Time for a HW Upgrade, What are real world performance differences?


Jan 20, 2011
I'm running a production Dell R710 box, ESXi 5
Dual X5570, 2.9 Gig 4 cores per socket
96 Gig DD3 Ram
Perc 6/i controller
6 300GB SAS drives in a RAID 10 Array with 2 hot spares.

My first thought is the biggest improvement will come from SSD Storage. It's not worth upgrading the R710, since I'd have to stick an H700 card in it to get 6Gbps instead of 3 (which is cheap) but then when new drives are added, the cost difference to go to a 620 1u with a newer CPU, etc... is negligible. Plus, VmWare beyond 5.5 is not supported on the R710.

The R620 would have 128GB DDR3, 8 x 800 GB 6Gbps SSD, Dual E5-2667 V2 3.2 8 Core.

The R630 will take the same CPU, but V4 instead. CPU cost is an extra $300 over the V2. Considering these were over 2K each when released, that's negligible now.

Where costs start to go up is having to use DDR4 Ram instead of DDR3, and the consideration of 12Gbps drives as opposed to 6Gbps.

Another factor in favor of the V4 chip is Esxi 7 is supported, whereas it only goes up to 6.5 on the V2. But... I've been relatively happy with 5.1 and do not need all the extra crap thrown in. It'd be nice if they offered vMotion in the essentials package, but I'm not paying 5K for it. $500 is fair enough for what it does and to unlock the crippled API's to be able to back up.

So the main questions are:
1) How big of a difference will moving to 12Gbps drives as opposed to 6Gbps make?
2) Increase in performance for DDR4 vs DDR3?
3) For S&G, how big of a difference would NVMe drives make over the other two options?

I'm going to continue to keep the SSD's in a 6 drive RAID 10 array with 2 hot spares. I understand most people use RAID5, but with such low storage needs, the cost difference is negligible. That's one of the reasons I'm wondering if the jump to 12Gbps will be noticeable.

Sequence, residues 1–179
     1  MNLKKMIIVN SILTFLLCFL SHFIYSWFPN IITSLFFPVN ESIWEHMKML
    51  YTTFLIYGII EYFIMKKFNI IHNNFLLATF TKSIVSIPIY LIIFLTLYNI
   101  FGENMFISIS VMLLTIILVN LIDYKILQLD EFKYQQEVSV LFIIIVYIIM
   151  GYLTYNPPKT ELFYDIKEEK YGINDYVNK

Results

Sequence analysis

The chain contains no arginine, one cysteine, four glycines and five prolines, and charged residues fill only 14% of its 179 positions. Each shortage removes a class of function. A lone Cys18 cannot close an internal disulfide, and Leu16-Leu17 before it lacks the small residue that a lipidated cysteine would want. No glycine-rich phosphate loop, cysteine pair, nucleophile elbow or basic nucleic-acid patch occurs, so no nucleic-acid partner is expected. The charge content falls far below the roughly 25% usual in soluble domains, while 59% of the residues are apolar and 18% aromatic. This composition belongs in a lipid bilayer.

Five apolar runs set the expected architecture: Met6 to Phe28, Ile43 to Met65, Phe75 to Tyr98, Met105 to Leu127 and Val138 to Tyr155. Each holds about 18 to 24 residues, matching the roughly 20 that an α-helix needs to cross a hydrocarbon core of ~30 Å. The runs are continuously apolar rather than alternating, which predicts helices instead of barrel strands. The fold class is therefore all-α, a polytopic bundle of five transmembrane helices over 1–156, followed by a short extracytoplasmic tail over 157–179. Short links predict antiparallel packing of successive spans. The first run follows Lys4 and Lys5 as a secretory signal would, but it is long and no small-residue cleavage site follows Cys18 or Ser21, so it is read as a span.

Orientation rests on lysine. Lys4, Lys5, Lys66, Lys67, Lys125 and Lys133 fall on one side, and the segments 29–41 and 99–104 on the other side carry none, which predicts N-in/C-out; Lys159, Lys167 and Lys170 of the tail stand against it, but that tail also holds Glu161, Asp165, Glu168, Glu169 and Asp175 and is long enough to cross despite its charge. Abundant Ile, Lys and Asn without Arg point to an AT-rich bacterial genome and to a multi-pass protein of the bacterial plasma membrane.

The VM Workload is a mix. A few CENTOS boxes running webservers, a mysql server, pfsense firewall, and one Windows box running IIS / SQL Server, which will eventually ported over to LAMP to avoid MS licensing issues if/when the Windows boxes need upgrades. They are 2008 Server R2 and would just be copied over for now.


Limp Gawd
Feb 2, 2021
Honestly not sure you will see a huge performance on 1 and 2. Nvme can however give you a huge boost so at 6gbps you are effectively limited to 550mb\s vs pcie 3 nvme which can hit over 2gb\s. It really depends where you bottlenecks are though if you get a tangible increase. Personally I would isolate storage to different pools and spread at speed rates to the task.


Fully [H]
Aug 3, 2004
ESXi 6.5/7 will still run on older hardware, pending on drivers, the "supported" is only if you actually need VMware support.

Pending on load, you may see little difference in performance at all really? How much are you using in terms of actual CPU load and Ram on your current box? SSD/NVMe will make things snapier for sure, but again, unless you are doing heavy I/O you may not notice it. (MySQL should mostly be running all in ram)


Aug 14, 2008
Can confirm that vSphere 6.7 will run on it - have three in my lab. I think moving to SSD, etc. only makes sense if you try and get dense on the host(s), where IOPs factor more than throughput. If you're just running a handful of VMs it's probably not worth investing into that box.

If you do upgrade to a newer box, don't go less than Rx30 if you're sticking with Dell so that you have vSphere 7.x support - we really drew the line on CPUs this time around. Alternatives would be IBM/Lenovo System x3650 M4/M5, HPE 5xx Series Gen9+, or HPE Gen10 hardware. Could also build a SuperMicro or go with Intel NUCs as well. Good luck!